| | Re: Tiny super efficient CO2 reactor
Ah thank you, AquaHokie, for the pictures! They really show how pathetically simple this project is! For the price and simplicity of set-up this reactor is the rock bottom itself.
Adding an air stone at the end of the CO2 tubing is "an improvement" of the design because it reduces or eliminates the noise completely. Instead of an air stone you could add a 1/4 inch long piece of chopstick at the end of the CO2 tubing. The result is the same - finer bubbles and less or no noise.
The sponge traps the CO2 bubbles and the water rushing through the channels in the sponge disolves the trapped bubbles very well. A bigger sponge will result in almost 100% efficiency. If the pump outflow ponts down the efficiency is also improved. If you care - look for an older post of mine with pictures of another version of the same reactor. Either way the combination of a CO2 tubing + powerhead + sponge is very simple and very efficient.
If you remove the sponge and let CO2 bubbles float all over the tank you will sacrifice a lot of the water clarity. Each tiny bubble reflects the light and makes the water appear more or less milky when the tank is viewed from a distance. If you don't care about the looks then at least do something that seems to help both the plants and the appearance - direct the flow along the tank length and closer to the bottom. This way the bubbles that float up will be trapped under the plant leaves. This seems to boost the plant metabolism (direct contact of the leaves with CO2 bubbles) and also keeps most of the bubbles out of sight so you get better water clarity.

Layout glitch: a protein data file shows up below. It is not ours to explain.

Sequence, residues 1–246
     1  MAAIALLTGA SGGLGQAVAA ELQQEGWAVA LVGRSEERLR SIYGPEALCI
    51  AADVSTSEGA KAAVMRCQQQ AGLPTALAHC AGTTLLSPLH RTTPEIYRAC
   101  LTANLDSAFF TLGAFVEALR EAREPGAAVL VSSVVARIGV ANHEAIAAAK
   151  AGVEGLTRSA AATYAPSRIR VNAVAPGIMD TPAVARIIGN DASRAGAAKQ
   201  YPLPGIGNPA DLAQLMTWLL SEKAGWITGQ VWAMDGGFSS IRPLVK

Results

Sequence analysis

I don't remember if I mentioned before - mount the black internal filter in such a way that if the electricity stops the CO2 bubbles escape out of the filter chamber. If you let the gas accumulate around the impeller during the power failure the filter may not prime - the impeller may spin in CO2 instead of water, haha.
Ok, too much talk about such a simple project, I think everyone got the idea, especially with those detailed pictures. Thank you again, AquaHokuie!